I’m sure we’ll all recognize the “left” in our lives. This sounds so familiar, I would have sworn that Dr. Goska was writing about some of my own family members.
Dr. Danusha V. Goska — 2014
How far left was I? So far left my beloved uncle was a card-carrying member of the Communist Party in a Communist country. When I returned to his Slovak village to buy him a mass card, the priest refused to sell me one. So far left that a self-identified terrorist proposed marriage to me. So far left I was a two-time Peace Corps volunteer and I have a degree from UC Berkeley. So far left that my Teamster mother used to tell anyone who would listen that she voted for Gus Hall, Communist Party chairman, for president. I wore a button saying “Eat the Rich.” To me it wasn’t a metaphor.
I voted Republican in the last presidential election.
Below are the top ten reasons I am no longer a leftist. This is not a rigorous comparison of theories. This list is idiosyncratic, impressionistic, and intuitive. It’s an accounting of the milestones on my herky-jerky journey.
In the late 1990s I was reading Anatomy of the Spirit, a then recent bestseller by Caroline Myss.
Myss described having lunch with a woman named Mary. A man approached Mary and asked her if she were free to do a favor for him on June 8th. No, Mary replied, I absolutely cannot do anything on June 8th because June 8th is my incest survivors’ meeting and we never let each other down! They have suffered so much already! I would never betray incest survivors!
Myss was flabbergasted. Mary could have simply said “Yes” or “No.”
Reading this anecdote, I felt that I was confronting the signature essence of my social life among leftists. We rushed to cast everyone in one of three roles: victim, victimizer, or champion of the oppressed. We lived our lives in a constant state of outraged indignation. I did not want to live that way anymore. I wanted to cultivate a disposition of gratitude. I wanted to see others, not as victims or victimizers, but as potential friends, as loved creations of God. I wanted to understand the point of view of people with whom I disagreed without immediately demonizing them as enemy oppressors. …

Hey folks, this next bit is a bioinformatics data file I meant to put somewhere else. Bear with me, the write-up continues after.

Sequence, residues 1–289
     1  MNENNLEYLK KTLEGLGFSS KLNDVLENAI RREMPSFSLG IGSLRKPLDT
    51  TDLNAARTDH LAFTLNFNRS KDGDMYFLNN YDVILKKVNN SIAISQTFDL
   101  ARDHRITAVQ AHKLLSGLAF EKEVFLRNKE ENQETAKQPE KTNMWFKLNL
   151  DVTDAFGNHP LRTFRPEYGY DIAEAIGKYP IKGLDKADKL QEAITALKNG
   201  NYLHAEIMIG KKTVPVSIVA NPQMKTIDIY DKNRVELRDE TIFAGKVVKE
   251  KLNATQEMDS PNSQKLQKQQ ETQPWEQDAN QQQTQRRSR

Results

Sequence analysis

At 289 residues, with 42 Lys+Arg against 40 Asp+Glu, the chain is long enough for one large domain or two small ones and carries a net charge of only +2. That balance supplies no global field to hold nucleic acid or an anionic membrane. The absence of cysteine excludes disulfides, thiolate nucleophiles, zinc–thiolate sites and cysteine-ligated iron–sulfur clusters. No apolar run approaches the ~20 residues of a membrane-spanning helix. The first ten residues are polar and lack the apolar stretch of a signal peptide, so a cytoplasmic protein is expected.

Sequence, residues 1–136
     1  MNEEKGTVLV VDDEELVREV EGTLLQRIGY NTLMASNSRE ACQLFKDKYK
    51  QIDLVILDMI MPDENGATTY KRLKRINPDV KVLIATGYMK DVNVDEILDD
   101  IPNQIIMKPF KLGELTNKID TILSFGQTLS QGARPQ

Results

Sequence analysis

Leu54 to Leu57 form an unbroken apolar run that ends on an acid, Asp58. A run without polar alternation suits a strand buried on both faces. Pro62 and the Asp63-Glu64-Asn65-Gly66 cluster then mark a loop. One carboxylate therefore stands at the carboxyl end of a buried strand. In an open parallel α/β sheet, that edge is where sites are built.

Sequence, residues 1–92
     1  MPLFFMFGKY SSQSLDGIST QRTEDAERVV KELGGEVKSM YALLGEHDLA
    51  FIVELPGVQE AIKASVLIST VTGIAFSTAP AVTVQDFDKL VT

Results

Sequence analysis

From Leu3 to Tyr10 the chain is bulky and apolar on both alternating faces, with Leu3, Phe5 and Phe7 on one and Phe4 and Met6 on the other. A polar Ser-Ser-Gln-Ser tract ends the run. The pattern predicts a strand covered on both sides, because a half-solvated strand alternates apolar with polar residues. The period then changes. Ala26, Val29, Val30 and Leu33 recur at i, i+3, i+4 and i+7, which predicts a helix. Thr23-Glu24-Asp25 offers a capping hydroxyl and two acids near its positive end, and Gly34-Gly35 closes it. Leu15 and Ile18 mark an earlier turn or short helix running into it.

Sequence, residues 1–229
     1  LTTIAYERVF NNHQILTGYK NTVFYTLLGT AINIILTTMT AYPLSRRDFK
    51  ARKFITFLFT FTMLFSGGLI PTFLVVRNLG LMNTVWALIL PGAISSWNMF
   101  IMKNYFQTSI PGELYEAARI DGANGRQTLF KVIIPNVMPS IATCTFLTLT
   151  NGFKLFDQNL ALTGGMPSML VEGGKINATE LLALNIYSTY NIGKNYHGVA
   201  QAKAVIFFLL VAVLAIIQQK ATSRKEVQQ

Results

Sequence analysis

9) Selective Outrage
I was a graduate student. Female genital mutilation came up in class. I stated, without ornamentation, that it is wrong.
A fellow graduate student, one who was fully funded and is now a comfortably tenured professor, sneered at me. “You are so intolerant. Clitoredectomy is just another culture’s rite of passage. You Catholics have confirmation.”
When Mitt Romney was the 2012 Republican presidential candidate, he mentioned that, as Massachusetts governor, he proactively sought out female candidates for top jobs. He had, he said, “binders full of women.” He meant, of course, that he stored resumes of promising female job candidates in three-ring binders.
Op-ed pieces, Jon Stewart’s “Daily Show,” Twitter, Facebook, and Amazon posts erupted in a feeding frenzy, savaging Romney and the Republican Party for their “war on women.”
I was an active leftist for decades. I never witnessed significant leftist outrage over clitoredectomy, child marriage, honor killing, sharia-inspired rape laws, stoning, or acid attacks. Nothing. Zip. Crickets. I’m not saying that that outrage does not exist. I’m saying I never saw it.
The left’s selective outrage convinced me that much canonical, left-wing feminism is not so much support for women, as it is a protest against Western, heterosexual men. It’s an “I hate” phenomenon, rather than an “I love” phenomenon.
8.) It’s the thought that counts
My favorite bumper sticker in ultra-liberal Berkeley, California: “Think Globally; Screw up Locally.” In other words, “Love Humanity but Hate People.”